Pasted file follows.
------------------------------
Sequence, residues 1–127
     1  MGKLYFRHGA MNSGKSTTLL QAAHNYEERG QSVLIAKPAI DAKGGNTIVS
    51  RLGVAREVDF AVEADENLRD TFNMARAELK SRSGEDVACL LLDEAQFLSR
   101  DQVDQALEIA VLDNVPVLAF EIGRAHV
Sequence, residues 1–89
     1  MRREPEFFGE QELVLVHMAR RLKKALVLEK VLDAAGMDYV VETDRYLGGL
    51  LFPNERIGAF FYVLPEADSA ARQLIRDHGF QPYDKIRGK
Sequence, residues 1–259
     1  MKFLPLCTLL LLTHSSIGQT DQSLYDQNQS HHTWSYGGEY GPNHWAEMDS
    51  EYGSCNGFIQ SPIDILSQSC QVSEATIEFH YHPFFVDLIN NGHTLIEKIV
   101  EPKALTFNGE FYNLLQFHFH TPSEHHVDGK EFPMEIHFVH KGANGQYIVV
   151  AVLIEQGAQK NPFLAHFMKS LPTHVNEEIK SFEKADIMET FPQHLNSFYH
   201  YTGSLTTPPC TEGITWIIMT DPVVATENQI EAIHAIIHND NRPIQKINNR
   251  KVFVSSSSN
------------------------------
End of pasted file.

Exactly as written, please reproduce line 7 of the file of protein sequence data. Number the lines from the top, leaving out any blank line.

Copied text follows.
    51  LFPNERIGAF FYVLPEADSA ARQLIRDHGF QPYDKIRGK